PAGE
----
Vaccinate Your Teen Today to Protect Them Tomorrow

As parents, we can all recall a time when someone has said to us, “They grow up so fast,” or “The days are long, but the years fly by.” For parents of teenagers, it probably seems like just yesterday your child was on the couch watching cartoons and drinking out of a sippy cup.

Now, you have a teenager who still sits on the couch but now occupies their time with social media or video games. Your teenager is counting down the days to getting their license, graduating high school and reaching adulthood, which comes with freedom and endless opportunities.

Adulthood will be here before you know it. You can’t prepare your teen for everything life will throw at them, but there are some things you can do today to prepare them for tomorrow – like getting them vaccinated against vaccine-preventable diseases.

Vaccines aren’t just for young children. In fact, adolescent vaccines are incredibly important. They protect teens against serious illnesses they may encounter in college and beyond, such as meningococcal disease and human papillomavirus. One of the best and easiest ways to prepare your teen for the future is to make sure they are up to date on their vaccines. Some adolescent vaccines are recommended just for teenagers, and others are boosters of vaccines that your child received previously.

So, which vaccines do they need? Why do they need them? When do they need them?

We’ve compiled a list of all the vaccines that your teenager needs to help you out.

*Depending on where your child goes to school and what their plans are after high school, some of these vaccinations may be required, some may be highly recommended, and some may not be applicable. In North Dakota, there are vaccination requirements for 7th grade and 11th grade entry. Universities also have immunization requirements for students.


Protects against: tetanus, diphtheria and pertussis (whooping cough)
Doses: One dose at age 11 or 12 with a booster dose every ten years after that
Who needs it: Everyone
Why we need it: Protection against tetanus and pertussis wanes over time, and boosters can help maintain protection against these diseases.

Meningococcal ACWY (MenACWY, MCV4)

Protects against: four strains of the bacteria that cause meningococcal disease (N. meningitidis serotypes ACWY)
Doses: One dose at age 11 or 12, one dose at age 16
Who needs it: Everyone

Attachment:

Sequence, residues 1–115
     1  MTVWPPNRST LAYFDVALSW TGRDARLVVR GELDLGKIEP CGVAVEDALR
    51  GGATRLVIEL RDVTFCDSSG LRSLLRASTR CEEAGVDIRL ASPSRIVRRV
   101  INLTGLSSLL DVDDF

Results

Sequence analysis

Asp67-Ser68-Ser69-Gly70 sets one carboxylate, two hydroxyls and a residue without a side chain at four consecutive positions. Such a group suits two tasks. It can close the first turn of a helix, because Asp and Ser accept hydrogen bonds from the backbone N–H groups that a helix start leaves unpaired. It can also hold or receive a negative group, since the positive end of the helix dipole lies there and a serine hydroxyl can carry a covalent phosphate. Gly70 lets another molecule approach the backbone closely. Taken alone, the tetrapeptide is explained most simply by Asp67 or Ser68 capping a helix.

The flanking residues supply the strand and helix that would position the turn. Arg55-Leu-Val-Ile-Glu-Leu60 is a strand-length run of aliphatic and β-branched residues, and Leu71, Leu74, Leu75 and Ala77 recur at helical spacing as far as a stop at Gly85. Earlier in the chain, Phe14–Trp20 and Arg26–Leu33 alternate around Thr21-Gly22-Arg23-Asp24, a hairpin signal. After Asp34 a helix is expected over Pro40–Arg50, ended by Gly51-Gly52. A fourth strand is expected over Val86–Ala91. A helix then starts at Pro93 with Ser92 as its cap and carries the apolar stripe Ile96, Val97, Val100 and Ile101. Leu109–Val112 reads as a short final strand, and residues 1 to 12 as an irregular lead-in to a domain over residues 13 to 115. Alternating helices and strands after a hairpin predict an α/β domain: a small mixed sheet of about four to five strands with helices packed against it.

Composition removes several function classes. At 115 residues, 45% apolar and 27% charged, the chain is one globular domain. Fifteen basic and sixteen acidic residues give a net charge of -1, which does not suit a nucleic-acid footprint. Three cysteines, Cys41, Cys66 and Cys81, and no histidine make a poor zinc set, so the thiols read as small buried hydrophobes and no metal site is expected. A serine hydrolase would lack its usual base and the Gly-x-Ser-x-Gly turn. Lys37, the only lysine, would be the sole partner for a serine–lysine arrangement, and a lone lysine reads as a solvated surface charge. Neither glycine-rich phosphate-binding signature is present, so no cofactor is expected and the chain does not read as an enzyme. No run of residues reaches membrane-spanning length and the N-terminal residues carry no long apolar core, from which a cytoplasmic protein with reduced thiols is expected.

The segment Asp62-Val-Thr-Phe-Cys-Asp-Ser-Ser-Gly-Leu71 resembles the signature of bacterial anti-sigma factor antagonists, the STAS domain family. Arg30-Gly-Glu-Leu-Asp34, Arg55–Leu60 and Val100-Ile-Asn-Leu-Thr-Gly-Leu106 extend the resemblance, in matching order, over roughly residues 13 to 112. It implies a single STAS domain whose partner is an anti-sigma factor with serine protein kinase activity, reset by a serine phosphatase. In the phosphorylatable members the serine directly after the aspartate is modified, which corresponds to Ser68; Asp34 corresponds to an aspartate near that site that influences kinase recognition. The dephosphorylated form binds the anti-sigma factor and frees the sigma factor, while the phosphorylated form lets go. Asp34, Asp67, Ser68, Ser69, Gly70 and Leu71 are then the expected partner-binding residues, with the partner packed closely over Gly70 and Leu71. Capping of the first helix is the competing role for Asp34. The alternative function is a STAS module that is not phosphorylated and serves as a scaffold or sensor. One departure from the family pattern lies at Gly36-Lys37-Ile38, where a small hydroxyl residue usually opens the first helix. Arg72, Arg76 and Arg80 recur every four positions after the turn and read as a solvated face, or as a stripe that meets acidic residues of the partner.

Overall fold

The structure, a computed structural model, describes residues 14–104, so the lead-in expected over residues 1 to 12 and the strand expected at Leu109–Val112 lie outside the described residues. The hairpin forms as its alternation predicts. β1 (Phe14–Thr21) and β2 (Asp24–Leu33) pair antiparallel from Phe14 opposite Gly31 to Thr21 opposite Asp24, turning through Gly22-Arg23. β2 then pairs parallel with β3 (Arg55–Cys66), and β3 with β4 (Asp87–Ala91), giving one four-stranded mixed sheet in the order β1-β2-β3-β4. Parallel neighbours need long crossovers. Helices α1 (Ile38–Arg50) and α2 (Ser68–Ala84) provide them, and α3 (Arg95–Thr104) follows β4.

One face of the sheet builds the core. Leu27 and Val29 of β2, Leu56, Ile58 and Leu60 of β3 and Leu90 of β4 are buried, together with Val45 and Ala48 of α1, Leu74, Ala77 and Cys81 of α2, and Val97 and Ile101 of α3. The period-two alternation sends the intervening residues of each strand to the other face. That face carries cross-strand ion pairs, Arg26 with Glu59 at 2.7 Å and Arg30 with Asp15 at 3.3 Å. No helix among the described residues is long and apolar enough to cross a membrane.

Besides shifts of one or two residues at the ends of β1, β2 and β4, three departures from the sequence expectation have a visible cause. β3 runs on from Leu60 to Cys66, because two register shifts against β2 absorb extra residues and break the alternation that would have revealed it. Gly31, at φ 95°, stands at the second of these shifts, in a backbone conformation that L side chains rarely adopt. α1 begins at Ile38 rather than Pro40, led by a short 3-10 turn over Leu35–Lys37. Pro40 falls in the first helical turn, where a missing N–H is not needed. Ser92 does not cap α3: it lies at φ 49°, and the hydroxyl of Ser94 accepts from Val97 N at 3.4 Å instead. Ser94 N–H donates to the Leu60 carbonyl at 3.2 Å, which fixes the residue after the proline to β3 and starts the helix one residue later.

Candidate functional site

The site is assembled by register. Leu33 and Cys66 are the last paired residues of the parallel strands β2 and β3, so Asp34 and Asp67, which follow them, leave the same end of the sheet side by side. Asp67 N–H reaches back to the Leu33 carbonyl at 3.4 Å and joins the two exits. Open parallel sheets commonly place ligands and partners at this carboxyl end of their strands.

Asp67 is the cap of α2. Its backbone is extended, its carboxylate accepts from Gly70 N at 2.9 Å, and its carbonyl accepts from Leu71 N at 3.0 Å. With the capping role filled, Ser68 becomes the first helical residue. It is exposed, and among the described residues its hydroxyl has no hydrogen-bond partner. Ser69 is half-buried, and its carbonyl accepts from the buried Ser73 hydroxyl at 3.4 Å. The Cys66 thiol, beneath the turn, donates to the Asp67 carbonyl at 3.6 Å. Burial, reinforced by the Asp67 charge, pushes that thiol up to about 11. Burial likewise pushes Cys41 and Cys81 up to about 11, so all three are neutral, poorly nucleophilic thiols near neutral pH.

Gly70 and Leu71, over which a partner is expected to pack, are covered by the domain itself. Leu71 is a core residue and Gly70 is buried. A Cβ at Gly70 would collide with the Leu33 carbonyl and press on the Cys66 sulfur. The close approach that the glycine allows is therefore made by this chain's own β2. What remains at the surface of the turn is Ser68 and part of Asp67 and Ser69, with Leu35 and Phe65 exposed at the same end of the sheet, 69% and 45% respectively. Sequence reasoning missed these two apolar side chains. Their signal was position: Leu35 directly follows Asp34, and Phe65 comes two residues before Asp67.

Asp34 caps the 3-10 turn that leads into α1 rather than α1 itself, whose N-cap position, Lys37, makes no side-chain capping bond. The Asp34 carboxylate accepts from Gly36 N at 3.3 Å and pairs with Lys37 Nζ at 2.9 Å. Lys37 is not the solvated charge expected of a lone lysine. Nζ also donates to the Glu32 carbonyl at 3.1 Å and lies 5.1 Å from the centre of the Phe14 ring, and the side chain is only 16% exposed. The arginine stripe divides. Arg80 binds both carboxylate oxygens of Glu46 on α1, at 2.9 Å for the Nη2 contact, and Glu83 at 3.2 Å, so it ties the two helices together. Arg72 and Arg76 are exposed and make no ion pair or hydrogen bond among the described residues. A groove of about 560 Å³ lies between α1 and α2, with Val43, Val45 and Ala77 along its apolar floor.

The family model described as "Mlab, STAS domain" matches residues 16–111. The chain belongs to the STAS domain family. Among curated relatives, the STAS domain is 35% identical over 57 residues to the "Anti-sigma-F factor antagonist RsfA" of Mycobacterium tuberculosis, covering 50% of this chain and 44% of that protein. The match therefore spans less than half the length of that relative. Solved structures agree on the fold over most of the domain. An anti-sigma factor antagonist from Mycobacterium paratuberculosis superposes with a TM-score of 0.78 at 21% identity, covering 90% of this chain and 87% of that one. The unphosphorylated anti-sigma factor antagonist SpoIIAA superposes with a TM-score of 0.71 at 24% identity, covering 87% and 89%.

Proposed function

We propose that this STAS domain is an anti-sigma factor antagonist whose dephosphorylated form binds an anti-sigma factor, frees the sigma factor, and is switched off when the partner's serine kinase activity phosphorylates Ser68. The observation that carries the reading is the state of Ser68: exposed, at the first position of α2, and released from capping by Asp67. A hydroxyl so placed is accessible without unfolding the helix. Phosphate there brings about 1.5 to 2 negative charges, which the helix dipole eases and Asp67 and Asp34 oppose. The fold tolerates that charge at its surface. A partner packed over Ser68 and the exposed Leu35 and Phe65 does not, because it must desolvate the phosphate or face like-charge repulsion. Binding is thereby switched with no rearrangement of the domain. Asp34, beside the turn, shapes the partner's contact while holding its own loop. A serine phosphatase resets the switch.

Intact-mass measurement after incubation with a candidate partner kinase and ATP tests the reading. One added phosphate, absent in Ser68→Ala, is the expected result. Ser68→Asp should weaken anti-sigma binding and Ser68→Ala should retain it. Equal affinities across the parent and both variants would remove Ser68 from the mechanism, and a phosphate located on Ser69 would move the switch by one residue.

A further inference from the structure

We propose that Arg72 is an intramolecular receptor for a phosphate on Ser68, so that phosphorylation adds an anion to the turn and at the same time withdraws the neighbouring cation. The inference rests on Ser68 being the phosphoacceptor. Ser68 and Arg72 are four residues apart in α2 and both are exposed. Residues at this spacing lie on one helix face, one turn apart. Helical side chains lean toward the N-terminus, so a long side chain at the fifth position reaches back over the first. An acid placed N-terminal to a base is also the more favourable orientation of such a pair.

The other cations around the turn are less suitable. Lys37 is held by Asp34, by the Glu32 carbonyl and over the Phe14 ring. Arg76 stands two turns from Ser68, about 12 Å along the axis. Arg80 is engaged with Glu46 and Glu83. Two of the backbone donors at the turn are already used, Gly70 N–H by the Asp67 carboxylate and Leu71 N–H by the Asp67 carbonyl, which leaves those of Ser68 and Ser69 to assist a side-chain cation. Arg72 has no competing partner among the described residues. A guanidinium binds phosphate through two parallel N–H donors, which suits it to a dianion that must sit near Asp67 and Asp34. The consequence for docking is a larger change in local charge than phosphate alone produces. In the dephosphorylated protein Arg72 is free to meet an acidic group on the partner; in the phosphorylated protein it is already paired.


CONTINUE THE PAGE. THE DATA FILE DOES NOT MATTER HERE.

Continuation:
Why we need it: Teens and young adults are at increased risk for meningococcal disease, which can be very serious and lead to loss of limbs, deafness, nervous system problems, brain damage and even death.

Meningococcal B (MenB)

Protects against: one strain of the bacteria that causes meningococcal disease (N. meningitidis serotype B)
Doses: Two doses starting at age 16
Who needs it: MenB vaccine is not routinely recommended for all adolescents by the CDC. Talk to your doctor about why MenB vaccine may be right for your child. Certain individuals are more likely to be exposed to this disease, such as those living in congregate/group settings (ex. college students).
Why we need it: Although meningococcal disease is rare, teens and young adults are at increased risk for meningococcal disease, which can be very serious. Meningococcal disease can cause meningitis, bloodstream infections and even death.

Human papillomavirus (HPV)

Protects against: many types of cancer (cervical, vulvar, vaginal, anal, penile, head and neck cancers) and genital warts
Doses: Two doses given six months apart, HPV vaccination is routinely given at age 11 or 12 but can be started at age 9
Who needs it:  Everyone
Why we need it: 85 percent of people will get an HPV infection at some point in their lifetime. While we have no way to predict which infections will lead to cancer, the best way to protect your teen against HPV is to vaccinate.

Influenza – ‘Flu shot’

Protects against: seasonal influenza (flu)
Doses: One dose annually, preferably administered in the fall
Who needs it: Everyone
Why we need it: Vaccination reduces the risk of serious illness and death from influenza. Being vaccinated against influenza has also been shown to reduce flu illnesses, visits to the doctor and missed school days.


Protects against: severe disease from the virus that causes COVID-19.
Doses: Vaccine recommendations are updated regularly. Consult the CDC website for the latest recommendations.
Who needs it: Everyone five years and older
Why we need it: The virus that causes COVID-19 has had a significant impact on all our lives since 2020. Being vaccinated helps prevent severe COVID-19, but it can also help reduce infections and transmission of the virus.